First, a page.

Each year, millions of couples in the United States and around the world struggle with infertility. For these couples, assisted reproductive technologies (ART) including in-vitro fertilization (IVF) and intrauterine insemination (IUI) play a critical role in helping them to initiate pregnancy. According to the CDC, 1.6% of children born in the US this year, will have been conceived using ART. At the beginning of every cycle of ART is a semen preparation step in which sperm cells are activated and contaminants are cleaned from the sample.
Although this preparation step is ubiquitous to ART procedures, the methodology has been largely unchanged in the last 20 years. Recently, researchers at the University of Utah, including 2015 ARCS scholar Alex Jafek, have found that it may be possible to significantly improve the sample preparation step by employing microfluidic techniques. Preliminary data acquired by the group suggest that microfluidic techniques could significantly speed up the process, improve the patient experience in the clinic, and could potentially increase the likelihood of pregnancy from a given sample by retaining a higher quantity of motile sperm cells from the original sample.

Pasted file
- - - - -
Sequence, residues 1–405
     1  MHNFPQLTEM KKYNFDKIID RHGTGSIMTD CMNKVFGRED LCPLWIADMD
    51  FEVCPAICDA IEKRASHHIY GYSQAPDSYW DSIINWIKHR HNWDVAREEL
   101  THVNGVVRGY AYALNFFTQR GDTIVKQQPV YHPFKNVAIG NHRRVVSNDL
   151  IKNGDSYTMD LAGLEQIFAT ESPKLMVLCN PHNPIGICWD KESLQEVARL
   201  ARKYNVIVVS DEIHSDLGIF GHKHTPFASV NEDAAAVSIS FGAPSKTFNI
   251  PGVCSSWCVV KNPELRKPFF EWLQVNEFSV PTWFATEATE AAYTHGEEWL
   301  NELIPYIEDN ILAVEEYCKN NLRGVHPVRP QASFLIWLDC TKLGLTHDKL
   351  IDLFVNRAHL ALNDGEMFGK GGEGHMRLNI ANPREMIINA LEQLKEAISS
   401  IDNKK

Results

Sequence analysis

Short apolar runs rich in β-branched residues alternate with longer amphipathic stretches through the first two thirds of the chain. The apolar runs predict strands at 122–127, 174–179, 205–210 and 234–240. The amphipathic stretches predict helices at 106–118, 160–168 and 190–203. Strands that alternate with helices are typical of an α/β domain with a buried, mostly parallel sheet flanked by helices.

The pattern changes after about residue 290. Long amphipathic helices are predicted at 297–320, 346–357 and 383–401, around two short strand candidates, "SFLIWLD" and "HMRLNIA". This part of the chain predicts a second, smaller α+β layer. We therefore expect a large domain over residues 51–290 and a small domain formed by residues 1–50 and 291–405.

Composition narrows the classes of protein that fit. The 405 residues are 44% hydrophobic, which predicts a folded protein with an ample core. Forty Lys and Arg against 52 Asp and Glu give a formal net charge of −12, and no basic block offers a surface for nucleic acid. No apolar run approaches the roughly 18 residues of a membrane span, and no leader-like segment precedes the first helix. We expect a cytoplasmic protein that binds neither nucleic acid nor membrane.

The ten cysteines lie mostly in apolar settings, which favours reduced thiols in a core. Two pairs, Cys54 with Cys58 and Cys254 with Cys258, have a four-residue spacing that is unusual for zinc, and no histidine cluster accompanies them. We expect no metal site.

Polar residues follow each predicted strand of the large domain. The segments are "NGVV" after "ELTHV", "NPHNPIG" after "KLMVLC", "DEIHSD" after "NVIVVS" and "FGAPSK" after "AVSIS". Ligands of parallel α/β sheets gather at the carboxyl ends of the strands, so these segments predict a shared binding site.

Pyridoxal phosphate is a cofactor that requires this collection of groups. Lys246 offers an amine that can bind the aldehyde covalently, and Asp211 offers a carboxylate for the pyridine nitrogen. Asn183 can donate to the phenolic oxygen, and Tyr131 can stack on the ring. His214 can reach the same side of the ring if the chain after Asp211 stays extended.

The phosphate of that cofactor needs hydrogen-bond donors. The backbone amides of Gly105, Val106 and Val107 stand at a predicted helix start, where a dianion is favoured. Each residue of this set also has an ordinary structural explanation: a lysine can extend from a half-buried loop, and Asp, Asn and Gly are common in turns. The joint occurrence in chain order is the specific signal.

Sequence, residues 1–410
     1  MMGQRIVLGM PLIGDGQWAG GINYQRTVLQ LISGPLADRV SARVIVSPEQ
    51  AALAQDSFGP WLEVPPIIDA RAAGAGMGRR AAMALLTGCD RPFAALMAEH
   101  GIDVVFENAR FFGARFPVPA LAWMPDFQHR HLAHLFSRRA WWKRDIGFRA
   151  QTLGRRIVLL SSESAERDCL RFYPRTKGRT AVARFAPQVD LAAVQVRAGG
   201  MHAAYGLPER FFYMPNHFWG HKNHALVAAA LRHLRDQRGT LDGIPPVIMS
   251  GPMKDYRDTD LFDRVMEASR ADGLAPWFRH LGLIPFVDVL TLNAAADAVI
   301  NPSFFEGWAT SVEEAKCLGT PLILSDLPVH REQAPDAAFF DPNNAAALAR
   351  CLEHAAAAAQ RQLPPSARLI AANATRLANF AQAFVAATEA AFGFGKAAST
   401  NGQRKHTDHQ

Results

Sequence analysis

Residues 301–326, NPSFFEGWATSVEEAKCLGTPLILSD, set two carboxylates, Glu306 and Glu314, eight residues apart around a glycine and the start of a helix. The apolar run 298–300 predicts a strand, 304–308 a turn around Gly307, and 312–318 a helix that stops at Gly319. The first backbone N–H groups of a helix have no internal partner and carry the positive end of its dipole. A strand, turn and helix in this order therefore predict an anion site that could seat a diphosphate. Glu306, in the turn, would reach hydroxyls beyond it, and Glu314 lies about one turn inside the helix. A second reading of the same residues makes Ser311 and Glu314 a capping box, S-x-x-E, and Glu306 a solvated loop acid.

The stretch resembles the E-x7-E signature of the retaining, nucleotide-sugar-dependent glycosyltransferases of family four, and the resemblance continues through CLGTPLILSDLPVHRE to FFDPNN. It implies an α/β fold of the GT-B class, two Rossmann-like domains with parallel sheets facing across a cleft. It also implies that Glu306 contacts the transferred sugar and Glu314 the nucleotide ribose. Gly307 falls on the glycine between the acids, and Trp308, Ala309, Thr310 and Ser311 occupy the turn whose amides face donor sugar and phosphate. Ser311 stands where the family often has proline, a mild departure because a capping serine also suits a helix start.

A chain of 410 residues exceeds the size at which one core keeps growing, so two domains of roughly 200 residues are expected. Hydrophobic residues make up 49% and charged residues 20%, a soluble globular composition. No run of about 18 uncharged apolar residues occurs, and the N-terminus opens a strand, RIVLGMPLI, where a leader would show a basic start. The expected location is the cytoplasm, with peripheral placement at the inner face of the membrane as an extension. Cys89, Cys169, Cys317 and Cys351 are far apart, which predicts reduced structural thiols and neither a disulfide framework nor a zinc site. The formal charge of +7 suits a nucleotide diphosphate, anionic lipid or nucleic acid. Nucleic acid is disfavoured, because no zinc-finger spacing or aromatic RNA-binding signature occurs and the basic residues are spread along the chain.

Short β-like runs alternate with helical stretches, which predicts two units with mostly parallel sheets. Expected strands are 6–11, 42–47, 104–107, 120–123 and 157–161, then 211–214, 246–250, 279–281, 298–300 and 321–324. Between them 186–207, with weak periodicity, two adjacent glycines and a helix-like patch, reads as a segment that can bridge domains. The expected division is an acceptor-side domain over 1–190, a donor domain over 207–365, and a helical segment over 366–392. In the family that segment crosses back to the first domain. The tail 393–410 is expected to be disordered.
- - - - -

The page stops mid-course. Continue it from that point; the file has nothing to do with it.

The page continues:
In speaking about the project, Alex commented that “It is a real privilege as an engineer to work on projects that will have an impact on people and their families.” Based on data acquired by Alex and other members of the Dr. Bruce Gale lab, the National Institute of Health (NIH) recently awarded a $1M grant to continue to develop the microfluidic technology and move it towards market.
This work is done in collaboration with the University of Utah Andrology clinic and the Salt Lake City-based startup Nanonc.